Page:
The French are known for their long Sunday lunches en famille that stretch into the afternoons.
After washing down a multiple course meal of tempting appetizers, hearty mains, cheese platters, and dessert with a bouteille de vin or two, the French toddle home sated—bellies and ears decidedly full. But where does that leave the rest of us?
It’s not entirely cliché to say France shuts down on Sundays. Forgetting to stock up on groceries before the market closes on Saturday can bring disappointment come Sunday. Even though certain areas of Paris act as an exception—think touristy: Châtelet Les Halles, Champs-Elysées, Montmartre—turning up to find shops, museums and grocery stores closed is a somewhat common experience if you don’t take care to look up opening days and hours in advance.
Rather than tussle with the crowds squeezing into open museums and shops, slip on your walking shoes and take to the streets! Spend your Sunday strolling to take in the best of what Paris has to offer.
Getting Out & About on Sundays in Paris
Whether you prefer wandering along the cobblestone quai de Seine or embracing the natural beauty of lush, statue-studded gardens like the Jardin du Luxembourg or the sprawling hills of Buttes Chaumont, there is much to gain by opting outside.
Rather than traveling by métro, walking through the city can illuminate how each arrondissement fits together and help you grasp the unique personality of the quartier. It only takes about three hours to cross Paris on foot, and along the way, you’ll find new architectural feats to examine from commemorative plaques en francais of famous former residents marking buildings (12 rue de l’Odéon marks where Sylvia Beach published James Joyce’s “Ulysses”), stone caryatides (one of my favorites resides at 55 rue de Turbigo), or ornate turrets reminding us of Paris’ medieval past (44 Rue des Francs-Bourgeois is not to be missed).
While most visitors will skip straight to celebrated monuments like the Palais Garnier Opera House, the Eiffel Tower, and the Arc de Triomphe, there’s much to see even when it comes to so-called anonymous architecture scattered all over the city. Take in the sculptural wrought iron and carved stone flourishes on the buildings—they’re somewhat commonplace for the Parisians, but to fresh eyes, even the quotidian can be awe-inspiring.
And don’t forget to welcome detours on your way. Tucked away behind Métro Saint Paul, you’ll discover two poky half-timbered townhouses on rue Francis Miron considered to be Paris’ oldest residences, dating from the 14th century. Taking a shortcut through Square René Vivani on your way to Shakespeare & Company is also well worth your time. You’ll take in views of Notre Dame from another angle, and pay a visit to Paris’ oldest planted tree at the foot of the Gothic Église Saint-Julien-le-Pauvre de Paris.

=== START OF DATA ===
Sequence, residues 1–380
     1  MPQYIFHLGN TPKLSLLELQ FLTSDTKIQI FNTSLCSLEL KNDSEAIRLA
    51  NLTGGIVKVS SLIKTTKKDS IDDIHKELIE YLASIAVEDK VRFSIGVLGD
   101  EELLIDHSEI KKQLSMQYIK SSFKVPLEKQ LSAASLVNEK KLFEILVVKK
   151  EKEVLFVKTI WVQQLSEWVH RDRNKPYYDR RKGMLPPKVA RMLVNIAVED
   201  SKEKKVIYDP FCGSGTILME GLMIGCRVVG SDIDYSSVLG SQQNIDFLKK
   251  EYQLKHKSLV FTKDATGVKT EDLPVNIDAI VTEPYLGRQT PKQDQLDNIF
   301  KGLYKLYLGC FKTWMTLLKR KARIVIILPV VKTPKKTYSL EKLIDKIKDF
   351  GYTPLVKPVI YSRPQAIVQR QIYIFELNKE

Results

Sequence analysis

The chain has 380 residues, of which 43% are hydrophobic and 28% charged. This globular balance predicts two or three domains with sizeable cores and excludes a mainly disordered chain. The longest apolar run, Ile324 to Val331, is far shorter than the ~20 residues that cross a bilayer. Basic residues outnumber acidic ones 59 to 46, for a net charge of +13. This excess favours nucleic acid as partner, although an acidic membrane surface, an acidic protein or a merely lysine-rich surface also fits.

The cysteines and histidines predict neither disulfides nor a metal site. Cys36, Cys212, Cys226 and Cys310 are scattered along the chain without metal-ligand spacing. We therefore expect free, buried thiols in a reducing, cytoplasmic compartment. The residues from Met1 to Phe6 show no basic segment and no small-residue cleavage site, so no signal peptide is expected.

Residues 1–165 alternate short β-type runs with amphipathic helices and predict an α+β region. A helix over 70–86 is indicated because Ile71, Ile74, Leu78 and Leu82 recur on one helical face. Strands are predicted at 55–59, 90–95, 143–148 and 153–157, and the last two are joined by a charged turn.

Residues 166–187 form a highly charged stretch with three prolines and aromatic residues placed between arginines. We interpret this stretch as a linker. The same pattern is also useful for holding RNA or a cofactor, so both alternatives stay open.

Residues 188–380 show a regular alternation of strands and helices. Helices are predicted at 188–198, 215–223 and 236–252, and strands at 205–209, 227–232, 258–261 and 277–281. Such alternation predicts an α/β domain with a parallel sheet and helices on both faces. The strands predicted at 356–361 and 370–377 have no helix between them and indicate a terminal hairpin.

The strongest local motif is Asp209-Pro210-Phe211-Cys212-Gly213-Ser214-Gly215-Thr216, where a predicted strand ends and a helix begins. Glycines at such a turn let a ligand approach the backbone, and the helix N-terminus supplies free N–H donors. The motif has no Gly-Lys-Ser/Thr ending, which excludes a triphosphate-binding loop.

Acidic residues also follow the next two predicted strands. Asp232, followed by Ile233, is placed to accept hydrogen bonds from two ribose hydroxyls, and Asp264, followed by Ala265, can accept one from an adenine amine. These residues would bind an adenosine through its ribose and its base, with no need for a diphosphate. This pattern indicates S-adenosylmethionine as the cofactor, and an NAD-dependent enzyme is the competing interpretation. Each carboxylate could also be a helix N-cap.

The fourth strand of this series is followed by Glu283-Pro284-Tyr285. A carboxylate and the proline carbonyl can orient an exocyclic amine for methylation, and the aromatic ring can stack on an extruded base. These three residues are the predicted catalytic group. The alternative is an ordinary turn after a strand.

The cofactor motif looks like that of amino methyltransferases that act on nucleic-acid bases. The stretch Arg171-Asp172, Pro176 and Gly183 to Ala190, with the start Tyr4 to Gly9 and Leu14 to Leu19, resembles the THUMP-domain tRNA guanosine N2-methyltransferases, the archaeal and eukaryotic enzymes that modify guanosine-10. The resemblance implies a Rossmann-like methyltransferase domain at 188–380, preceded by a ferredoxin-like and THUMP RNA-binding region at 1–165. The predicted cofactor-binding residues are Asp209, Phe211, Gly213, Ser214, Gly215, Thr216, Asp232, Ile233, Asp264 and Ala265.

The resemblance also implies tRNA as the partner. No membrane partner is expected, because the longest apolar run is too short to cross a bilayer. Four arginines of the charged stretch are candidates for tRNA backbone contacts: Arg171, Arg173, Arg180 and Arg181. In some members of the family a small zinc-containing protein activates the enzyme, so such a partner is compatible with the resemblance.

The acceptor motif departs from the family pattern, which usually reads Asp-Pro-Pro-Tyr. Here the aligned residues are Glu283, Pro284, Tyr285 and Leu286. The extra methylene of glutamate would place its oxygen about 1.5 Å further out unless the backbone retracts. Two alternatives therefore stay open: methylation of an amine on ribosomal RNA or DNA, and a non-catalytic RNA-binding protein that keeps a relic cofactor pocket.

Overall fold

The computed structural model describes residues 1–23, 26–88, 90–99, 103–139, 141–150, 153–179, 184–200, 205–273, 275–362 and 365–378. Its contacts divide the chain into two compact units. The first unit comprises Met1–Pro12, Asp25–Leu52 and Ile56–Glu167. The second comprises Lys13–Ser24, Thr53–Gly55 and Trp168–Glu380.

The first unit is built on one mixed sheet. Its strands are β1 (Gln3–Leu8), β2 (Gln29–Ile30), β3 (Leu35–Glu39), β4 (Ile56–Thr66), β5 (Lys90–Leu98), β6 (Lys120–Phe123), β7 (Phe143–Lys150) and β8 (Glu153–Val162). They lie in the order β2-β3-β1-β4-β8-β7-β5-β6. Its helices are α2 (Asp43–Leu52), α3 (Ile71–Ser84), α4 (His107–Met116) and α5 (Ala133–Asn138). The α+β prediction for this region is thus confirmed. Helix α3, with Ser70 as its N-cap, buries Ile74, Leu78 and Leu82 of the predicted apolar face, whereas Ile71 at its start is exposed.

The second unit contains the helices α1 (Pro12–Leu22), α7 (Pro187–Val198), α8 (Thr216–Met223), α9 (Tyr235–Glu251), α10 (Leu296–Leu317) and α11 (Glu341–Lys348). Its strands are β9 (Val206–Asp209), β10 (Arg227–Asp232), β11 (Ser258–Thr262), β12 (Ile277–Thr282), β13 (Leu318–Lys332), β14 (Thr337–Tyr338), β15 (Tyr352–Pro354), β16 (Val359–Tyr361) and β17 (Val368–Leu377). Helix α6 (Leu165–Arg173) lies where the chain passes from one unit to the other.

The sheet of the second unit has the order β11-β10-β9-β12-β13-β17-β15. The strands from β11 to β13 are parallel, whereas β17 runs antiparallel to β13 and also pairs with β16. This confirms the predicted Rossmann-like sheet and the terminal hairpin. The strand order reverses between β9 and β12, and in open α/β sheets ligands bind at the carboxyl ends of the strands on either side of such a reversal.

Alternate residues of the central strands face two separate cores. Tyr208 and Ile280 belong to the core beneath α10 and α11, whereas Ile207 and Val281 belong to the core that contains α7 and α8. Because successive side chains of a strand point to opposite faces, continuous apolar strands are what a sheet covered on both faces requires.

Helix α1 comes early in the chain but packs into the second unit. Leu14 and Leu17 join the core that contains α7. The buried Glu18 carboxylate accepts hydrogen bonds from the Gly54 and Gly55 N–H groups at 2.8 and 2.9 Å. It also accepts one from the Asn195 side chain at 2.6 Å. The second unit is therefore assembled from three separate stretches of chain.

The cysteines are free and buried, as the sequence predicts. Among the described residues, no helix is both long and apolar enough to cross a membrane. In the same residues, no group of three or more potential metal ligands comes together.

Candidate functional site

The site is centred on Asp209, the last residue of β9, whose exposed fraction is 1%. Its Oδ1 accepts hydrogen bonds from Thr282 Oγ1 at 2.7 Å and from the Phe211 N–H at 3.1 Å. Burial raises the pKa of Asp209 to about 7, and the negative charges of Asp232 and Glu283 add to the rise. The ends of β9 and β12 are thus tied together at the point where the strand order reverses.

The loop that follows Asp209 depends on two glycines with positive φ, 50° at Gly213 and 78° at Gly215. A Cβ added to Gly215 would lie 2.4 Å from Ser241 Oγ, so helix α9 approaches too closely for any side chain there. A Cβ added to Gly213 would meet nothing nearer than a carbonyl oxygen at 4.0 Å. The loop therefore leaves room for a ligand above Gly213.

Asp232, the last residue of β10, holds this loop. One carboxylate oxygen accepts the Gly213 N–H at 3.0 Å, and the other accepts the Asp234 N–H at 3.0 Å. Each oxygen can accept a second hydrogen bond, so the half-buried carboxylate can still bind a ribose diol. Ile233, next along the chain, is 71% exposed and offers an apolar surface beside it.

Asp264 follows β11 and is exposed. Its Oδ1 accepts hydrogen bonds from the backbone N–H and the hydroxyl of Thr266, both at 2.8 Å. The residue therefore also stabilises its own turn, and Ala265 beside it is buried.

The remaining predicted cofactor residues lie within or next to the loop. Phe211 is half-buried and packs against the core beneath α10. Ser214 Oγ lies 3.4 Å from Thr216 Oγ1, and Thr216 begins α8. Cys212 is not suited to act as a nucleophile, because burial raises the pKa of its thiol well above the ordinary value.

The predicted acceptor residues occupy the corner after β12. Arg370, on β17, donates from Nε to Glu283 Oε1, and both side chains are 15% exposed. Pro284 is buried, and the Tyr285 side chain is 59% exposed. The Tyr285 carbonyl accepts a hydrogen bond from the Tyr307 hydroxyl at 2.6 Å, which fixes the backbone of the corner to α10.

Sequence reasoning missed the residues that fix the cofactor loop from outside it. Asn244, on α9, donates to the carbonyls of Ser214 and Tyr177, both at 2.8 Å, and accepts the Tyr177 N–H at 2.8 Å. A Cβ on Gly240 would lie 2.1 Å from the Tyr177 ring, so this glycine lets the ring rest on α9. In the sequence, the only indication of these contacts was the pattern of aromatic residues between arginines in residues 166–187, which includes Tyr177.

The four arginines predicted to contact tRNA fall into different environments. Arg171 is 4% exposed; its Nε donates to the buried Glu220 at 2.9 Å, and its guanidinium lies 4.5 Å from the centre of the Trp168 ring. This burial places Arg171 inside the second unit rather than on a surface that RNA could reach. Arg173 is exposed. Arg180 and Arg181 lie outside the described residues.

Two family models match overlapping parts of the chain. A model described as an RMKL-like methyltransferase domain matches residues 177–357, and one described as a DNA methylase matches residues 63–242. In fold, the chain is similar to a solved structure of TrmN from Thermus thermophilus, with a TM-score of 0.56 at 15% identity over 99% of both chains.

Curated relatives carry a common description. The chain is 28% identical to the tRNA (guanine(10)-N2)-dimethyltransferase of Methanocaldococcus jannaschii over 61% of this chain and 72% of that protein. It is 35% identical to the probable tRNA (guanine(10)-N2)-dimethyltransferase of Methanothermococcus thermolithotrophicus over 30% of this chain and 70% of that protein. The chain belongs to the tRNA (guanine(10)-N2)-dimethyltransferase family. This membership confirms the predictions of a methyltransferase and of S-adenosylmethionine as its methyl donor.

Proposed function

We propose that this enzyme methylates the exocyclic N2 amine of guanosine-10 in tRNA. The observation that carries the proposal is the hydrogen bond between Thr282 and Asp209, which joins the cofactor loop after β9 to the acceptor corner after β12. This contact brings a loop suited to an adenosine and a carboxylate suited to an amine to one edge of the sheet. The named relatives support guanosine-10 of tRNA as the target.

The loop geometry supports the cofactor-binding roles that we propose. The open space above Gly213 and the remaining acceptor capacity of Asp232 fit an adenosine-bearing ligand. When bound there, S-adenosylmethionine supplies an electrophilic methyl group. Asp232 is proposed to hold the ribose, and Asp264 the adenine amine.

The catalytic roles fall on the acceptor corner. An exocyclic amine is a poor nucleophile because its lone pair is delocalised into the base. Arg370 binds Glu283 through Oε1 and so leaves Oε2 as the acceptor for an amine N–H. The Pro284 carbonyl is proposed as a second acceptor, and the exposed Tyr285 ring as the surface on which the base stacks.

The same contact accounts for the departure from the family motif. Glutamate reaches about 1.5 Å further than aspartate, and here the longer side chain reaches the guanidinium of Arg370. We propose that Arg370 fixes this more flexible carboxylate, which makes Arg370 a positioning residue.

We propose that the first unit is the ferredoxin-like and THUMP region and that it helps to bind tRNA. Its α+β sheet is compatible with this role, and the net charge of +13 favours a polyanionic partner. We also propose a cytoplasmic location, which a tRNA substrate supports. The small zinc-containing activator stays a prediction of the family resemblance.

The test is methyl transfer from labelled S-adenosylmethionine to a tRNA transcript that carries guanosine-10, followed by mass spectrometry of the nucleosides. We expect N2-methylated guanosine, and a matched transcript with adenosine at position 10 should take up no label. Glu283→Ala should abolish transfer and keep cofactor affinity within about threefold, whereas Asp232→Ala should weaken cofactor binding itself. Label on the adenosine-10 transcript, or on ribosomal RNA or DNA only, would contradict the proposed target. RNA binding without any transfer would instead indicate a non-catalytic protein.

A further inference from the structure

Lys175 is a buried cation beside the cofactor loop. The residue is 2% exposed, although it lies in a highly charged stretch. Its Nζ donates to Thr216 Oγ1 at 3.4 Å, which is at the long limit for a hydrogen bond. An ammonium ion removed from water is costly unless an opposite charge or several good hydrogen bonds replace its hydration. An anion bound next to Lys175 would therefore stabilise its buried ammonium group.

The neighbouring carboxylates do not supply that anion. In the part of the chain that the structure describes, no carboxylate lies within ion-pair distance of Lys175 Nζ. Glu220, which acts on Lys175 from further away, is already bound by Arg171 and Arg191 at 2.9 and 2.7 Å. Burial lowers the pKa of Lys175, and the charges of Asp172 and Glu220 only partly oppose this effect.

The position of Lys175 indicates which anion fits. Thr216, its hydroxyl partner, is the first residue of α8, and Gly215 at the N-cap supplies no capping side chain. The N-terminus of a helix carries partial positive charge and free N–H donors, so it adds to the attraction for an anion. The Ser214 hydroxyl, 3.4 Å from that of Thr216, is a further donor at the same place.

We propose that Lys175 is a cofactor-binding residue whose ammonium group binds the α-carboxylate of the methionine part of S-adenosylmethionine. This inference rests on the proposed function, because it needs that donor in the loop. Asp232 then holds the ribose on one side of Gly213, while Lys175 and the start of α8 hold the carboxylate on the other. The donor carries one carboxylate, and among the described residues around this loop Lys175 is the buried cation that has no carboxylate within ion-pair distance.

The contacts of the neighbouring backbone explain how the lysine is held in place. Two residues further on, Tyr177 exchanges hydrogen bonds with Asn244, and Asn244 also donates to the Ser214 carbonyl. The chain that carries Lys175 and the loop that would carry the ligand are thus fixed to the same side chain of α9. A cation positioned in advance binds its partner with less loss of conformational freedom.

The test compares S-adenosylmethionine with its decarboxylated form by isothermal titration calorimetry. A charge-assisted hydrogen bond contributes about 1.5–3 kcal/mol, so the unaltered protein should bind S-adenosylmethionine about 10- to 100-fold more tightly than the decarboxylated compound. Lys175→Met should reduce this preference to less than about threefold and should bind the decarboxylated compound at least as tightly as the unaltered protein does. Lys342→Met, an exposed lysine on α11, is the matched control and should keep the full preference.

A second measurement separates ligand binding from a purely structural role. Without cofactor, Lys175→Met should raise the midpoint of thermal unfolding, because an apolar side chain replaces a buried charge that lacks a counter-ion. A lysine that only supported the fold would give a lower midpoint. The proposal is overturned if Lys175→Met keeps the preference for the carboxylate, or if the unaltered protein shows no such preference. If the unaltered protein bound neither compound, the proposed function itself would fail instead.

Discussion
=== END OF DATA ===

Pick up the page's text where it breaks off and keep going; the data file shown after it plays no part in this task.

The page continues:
Where to Eat on Sundays in Paris
Though walking through Paris can offer a feast for the eyes, it can also work up quite the appetite. Where can you find a good meal out on Sundays in Paris? Give one of these tasty eateries a go.
Tucked away in the 14th arrondissement, this dreamy French bistro makes a perfect stop after experiencing some of the quartier’s far-flung tourist destinations like visiting Cimetière Montparnasse or the Catacombs. L’Assiette serves up classics like ballotine de volaille fermière, cassoulet, and escargot for hungry locals.
The brainchild of American chef Jody Williams, Buvette fits right into South Pigalle (So-Pi)’s hip atmosphere. Their Franco-American fusion menu has something for everyone. Opt for breakfast dishes, like their egg and waffle sandwich, at any time of day, or try the savory yogurt-topped vegetable tagine.
While the colorful tile-lined restaurant may depict cheerful circus clowns, there’s nothing funny about Clown Bar (114 rue Amelot). Known for their whimsical Belle Époque decor and inventive menu, their range includes fresh seafood, pâté en croute, and yes, veal brain.
The sister restaurant to the popular Jeanne A, Jeanne B offers a seasonal menu focusing on French fare. Think terrine de campagne, roast country chicken—the specialty—and gluten-free moelleux au chocolat.Want our insider’s guide to eating in Paris? Just add your email address in the form below! ADD_THIS_TEXT
Lauren Sarazen is a Paris-based writer and graduate student in literature at Université Sorbonne Nouvelle. Falling in love with the French capital during her semester abroad, she has called Paris her home since 2014. She contributes to publications such as The Washington Post, Los Angeles Review of Books, and Shondaland, and intermittently blogs at her website.